A whole page devoted to molecular weight? It might seem a bit strange to have a molecular weight page, but molecular weight is different for polymers than it is for small molecules. And we're talking about more than just the fact that polymers have really high molecular weights. Let us now explain:
Let's think about a small molecule, say, hexane. Hexane has a molecular weight of 86. Every hexane molecule has a molecular weight of 86. Now if we add another carbon to our chain, and the appropriate amount of hydrogen atoms, we've increased our molecular weight to 100.
That's fine, but the molecule is no longer hexane. It's heptane! If we have a mixture of some molecules of hexane and some of heptane, the mixture won't act like pure heptane, nor will it act like pure hexane. The properties of the mixture, say, its boiling point, vapor pressure, etc., will be neither those of pure hexane nor pure heptane.
But polymers are different. Imagine polyethylene. If we have a sample of polyethylene, and some of the chains have fifty thousand carbon atoms in them, and others have fifty thousand and two carbon atoms in them, this little difference isn't going to amount to anything. If you really want to know the truth, one almost never finds a sample of a synthetic polymer in which all the chains have the same molecular weight. Instead, we usually have a bell curve, a distribution of molecular weights. Some of the polymer chains will be much larger than all the others, at the high end of the curve. Some will be much smaller, and at the low end of the curve. The largest number will usually be clumped around a central point, the highest point on the curve.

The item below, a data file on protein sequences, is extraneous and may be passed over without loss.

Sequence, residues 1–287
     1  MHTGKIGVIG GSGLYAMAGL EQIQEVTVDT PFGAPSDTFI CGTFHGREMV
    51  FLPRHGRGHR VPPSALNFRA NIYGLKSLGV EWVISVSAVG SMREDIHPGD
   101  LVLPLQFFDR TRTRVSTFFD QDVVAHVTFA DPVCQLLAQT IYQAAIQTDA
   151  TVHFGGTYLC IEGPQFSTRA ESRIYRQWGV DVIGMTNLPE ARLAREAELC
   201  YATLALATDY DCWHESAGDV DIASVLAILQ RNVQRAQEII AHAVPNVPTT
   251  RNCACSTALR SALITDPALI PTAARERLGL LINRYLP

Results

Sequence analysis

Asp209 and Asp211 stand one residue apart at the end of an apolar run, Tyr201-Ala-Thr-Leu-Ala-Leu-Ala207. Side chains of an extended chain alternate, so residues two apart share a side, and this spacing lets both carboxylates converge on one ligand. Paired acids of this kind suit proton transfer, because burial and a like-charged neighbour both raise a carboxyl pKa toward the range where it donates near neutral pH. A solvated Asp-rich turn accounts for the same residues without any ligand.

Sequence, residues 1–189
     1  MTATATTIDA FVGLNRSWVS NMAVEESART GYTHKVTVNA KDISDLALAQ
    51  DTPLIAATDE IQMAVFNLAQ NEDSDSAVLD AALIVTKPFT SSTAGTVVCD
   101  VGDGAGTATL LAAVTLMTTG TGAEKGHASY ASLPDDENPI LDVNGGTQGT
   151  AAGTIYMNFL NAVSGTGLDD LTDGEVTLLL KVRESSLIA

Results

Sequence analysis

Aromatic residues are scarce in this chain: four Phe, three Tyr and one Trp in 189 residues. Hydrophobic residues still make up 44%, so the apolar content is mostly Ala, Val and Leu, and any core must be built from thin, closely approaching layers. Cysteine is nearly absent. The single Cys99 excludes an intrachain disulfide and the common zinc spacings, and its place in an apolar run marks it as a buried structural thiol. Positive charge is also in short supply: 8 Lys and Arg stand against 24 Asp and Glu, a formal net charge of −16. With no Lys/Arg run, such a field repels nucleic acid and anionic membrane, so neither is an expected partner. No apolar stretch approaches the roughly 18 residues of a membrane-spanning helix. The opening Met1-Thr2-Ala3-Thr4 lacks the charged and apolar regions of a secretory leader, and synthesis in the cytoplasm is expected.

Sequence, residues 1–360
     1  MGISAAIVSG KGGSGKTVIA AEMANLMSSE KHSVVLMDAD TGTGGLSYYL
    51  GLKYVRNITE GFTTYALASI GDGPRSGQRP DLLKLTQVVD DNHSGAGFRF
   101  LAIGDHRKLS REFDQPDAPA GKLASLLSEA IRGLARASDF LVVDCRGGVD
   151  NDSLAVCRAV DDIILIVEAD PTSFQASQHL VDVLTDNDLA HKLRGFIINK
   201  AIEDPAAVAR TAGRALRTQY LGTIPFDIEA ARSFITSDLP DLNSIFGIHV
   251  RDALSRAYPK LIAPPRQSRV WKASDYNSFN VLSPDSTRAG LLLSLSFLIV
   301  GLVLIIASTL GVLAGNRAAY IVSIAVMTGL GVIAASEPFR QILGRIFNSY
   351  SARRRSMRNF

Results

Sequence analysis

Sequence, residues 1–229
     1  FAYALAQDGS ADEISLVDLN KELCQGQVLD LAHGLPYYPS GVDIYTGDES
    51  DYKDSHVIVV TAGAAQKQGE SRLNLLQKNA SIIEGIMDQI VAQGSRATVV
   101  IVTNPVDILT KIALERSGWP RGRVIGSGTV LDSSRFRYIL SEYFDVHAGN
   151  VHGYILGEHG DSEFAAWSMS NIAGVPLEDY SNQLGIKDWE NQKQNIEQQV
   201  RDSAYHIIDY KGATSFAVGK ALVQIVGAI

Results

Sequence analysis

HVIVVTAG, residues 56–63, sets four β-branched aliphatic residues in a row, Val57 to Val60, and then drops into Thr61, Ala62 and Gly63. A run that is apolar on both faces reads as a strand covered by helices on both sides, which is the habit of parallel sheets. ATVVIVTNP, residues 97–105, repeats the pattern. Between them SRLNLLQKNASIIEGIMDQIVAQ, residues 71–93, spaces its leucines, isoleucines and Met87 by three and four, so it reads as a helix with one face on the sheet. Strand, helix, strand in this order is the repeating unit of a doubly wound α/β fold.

So we have to talk about average molecular weights when we talk about polymers. And we're not going to stop there. The average can be calculated in different ways, and each way has its own value. So let's talk about some of these averages, why don't we?
The number average molecular weight is not too difficult to understand. It is just the total weight of all the polymer molecules in a sample, divided by the total number of polymer molecules in a sample.
The weight average is a little more complicated. It's based on the fact that a bigger molecule contains more of the total mass of the polymer sample than the smaller molecules do.